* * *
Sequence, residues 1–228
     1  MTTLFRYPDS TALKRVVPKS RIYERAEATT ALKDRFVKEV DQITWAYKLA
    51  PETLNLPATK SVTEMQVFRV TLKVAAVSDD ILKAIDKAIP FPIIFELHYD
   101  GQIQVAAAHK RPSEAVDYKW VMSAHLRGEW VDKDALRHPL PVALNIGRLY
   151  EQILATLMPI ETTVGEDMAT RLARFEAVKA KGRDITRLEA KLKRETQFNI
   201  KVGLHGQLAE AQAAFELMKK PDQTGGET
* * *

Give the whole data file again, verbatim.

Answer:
Sequence, residues 1–228
     1  MTTLFRYPDS TALKRVVPKS RIYERAEATT ALKDRFVKEV DQITWAYKLA
    51  PETLNLPATK SVTEMQVFRV TLKVAAVSDD ILKAIDKAIP FPIIFELHYD
   101  GQIQVAAAHK RPSEAVDYKW VMSAHLRGEW VDKDALRHPL PVALNIGRLY
   151  EQILATLMPI ETTVGEDMAT RLARFEAVKA KGRDITRLEA KLKRETQFNI
   201  KVGLHGQLAE AQAAFELMKK PDQTGGET